You only need to convert to profile (using s-rgb for the web) unless the above applies. If you assign a s-rgb profile to a image that has a Adobe rgb profile the image will desaturate in colour which is not what you want.

Also when converting the colour space of a image for the web I advise you do it to a copy.
Keep on snapping and catch the moment if you can.
Paul

http://www.pbase.com/paulsilkphotography

dougj
 
Posts: 2276

Re: Adobe RGB (1998) vs. sRGB

Post Sat Oct 25, 2008 7:04 pm


Paul is correct in that assigning a profile is only rarely needed. If the photo has the color space information saved as part of the metadata when it was created, or converted this is enough for another program to identify the color space. When converting any color space, not just for use on the web, it is best to save the converted image as a copy.

madlights
 
Posts: 912

Re: Adobe RGB (1998) vs. sRGB

Post Tue Nov 17, 2009 11:03 pm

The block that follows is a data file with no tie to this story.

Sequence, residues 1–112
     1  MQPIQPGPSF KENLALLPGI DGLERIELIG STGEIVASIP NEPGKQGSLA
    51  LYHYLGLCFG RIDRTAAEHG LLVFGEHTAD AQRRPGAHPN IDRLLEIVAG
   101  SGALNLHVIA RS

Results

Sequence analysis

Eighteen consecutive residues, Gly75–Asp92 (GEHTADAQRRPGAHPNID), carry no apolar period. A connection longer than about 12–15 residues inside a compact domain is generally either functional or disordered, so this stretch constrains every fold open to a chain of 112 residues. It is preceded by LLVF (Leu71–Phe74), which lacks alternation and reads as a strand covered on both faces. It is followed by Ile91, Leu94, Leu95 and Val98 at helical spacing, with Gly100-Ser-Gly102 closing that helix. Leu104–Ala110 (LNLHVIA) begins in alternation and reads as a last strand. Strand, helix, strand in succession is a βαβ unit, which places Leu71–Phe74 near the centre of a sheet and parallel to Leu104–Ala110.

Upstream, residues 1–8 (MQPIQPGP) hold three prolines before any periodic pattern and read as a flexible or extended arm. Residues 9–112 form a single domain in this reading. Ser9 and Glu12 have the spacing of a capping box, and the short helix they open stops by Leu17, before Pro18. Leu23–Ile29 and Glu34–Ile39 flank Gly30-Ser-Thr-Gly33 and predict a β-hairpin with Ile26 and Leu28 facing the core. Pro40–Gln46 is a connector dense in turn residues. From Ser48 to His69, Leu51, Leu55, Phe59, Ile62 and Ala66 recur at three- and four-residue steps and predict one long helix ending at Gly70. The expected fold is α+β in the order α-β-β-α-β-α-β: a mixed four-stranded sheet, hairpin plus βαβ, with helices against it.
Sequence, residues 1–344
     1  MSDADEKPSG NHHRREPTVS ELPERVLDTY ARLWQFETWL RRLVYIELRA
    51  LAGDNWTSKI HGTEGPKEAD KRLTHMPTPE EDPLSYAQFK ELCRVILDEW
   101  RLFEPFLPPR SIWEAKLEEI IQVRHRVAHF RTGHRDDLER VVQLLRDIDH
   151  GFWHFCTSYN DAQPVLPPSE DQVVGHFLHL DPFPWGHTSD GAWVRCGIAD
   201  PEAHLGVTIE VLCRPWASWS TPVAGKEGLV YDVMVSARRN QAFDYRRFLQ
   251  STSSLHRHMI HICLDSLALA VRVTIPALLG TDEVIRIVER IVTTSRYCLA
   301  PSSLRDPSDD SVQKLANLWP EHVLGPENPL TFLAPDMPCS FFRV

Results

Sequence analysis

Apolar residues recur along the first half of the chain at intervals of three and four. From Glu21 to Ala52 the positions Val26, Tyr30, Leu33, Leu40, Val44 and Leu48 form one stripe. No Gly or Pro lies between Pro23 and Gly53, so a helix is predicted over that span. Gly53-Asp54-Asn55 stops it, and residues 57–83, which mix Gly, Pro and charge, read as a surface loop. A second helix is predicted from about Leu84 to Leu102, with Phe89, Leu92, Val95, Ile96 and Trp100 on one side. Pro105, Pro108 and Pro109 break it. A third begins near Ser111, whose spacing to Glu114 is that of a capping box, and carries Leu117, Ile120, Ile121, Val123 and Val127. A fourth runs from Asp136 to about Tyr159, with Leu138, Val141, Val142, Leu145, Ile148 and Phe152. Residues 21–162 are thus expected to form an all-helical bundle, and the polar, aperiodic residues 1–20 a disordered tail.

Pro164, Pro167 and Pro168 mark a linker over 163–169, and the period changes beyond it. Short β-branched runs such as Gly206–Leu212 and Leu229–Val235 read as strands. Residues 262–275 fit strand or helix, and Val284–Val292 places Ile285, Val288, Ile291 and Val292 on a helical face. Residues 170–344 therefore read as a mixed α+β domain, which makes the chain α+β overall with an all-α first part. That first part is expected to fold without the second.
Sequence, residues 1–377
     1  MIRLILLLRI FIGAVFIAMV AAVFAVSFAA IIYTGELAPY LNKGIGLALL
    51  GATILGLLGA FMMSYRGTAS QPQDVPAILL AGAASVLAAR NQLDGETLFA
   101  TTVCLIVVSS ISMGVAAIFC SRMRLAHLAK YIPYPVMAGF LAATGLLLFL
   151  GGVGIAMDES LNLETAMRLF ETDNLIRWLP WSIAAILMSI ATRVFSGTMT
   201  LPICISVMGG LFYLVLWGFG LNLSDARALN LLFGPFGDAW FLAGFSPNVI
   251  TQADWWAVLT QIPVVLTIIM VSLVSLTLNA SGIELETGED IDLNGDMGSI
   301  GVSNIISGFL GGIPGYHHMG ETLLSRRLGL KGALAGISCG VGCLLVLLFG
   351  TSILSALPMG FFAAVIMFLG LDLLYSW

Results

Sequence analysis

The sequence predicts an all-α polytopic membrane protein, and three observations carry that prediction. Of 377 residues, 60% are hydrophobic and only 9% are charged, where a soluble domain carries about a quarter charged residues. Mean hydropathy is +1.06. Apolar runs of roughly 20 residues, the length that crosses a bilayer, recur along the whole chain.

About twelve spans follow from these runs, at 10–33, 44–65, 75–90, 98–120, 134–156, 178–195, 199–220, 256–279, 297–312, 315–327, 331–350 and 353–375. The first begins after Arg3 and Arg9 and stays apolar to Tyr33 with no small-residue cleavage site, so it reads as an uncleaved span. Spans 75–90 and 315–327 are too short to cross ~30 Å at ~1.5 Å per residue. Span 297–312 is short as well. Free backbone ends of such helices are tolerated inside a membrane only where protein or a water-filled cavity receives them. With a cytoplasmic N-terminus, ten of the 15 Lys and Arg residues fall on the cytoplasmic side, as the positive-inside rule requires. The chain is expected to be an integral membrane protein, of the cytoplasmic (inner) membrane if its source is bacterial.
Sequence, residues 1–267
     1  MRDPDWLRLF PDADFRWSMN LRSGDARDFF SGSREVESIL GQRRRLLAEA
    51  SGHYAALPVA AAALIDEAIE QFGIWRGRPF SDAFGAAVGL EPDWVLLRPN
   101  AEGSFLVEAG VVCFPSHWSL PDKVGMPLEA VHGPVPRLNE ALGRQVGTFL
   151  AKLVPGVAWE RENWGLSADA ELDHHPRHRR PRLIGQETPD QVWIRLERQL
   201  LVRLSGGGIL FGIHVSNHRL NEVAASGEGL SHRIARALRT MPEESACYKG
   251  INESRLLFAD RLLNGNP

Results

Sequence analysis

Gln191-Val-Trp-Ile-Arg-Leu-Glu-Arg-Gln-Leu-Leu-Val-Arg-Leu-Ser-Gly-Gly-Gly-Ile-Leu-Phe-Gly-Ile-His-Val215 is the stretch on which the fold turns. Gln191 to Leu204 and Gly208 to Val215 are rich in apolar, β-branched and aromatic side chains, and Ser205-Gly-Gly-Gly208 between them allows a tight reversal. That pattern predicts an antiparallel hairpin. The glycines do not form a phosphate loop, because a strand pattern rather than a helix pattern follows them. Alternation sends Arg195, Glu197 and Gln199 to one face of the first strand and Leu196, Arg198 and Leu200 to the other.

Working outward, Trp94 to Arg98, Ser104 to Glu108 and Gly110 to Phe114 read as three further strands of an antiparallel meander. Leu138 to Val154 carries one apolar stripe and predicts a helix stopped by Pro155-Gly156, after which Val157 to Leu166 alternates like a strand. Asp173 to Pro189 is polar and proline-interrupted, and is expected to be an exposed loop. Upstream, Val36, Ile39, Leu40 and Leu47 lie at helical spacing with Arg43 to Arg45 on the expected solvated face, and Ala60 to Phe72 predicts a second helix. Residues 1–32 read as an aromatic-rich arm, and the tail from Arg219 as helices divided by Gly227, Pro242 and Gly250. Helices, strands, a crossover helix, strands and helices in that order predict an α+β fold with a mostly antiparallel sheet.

I know this is an old topic, but something about it has bothered me, since I've monkeyed around with this some. Now Adobe RGB isn't spread out all over the place, it's wide but...Prophophoto is a lot wider. Maybe someone knows a lot more of this than myself, so this is to get a discussion going. It's kind of like a fish net, in a confined space. The confined space is what the picture is and how it can be displayed, the net is the color space. What the net catches is defined by which color space is applied to the picture. SRGB catches not so much but the net is more closely woven and catches smaller fish. ARGB a lttle looser weave, but catches more maybe like bass? And Prophoto catches the widest range of colors but maybe only big fish like sharks, but the gaps in the net become a lot wider? Of what benefit would shooting black and white in any other color space than srgb be? or if you shoot color in 8bit jpg. would it benefit a person to use a wide color space when the bits to define color are strained more anyway compared to a 16bit file? I've found "sometimes" less posterizing when darkening skies etc. in srgb than even in argb in RAW files. Can we believe all we are told? I don't know I'm just asking opinions on this. Much equipment is designed to display less gamut than say Prophoto can show. Of what benefit are we to use wider color spaces? unless we're doing infrared or ultraviolet photography or want to catch certain colors (but we'd better know which ones). I realize that srgb is a supposedly lowly web standard, but aren't there trade offs for even printing applications and ones own monitor display when using wider spaces? I do realize that 'some' colors display and print better in Adobe rgb (I've found Prophoto problematic with some colors, may be my monitors - and haven't tried to print in it), but isn't there trade offs for anything you get in a confined space? Just wondering what anyone else thinks about this. To further complicate, maybe it's a matter of using the best color space for the photo, rather than any dogmatic approach?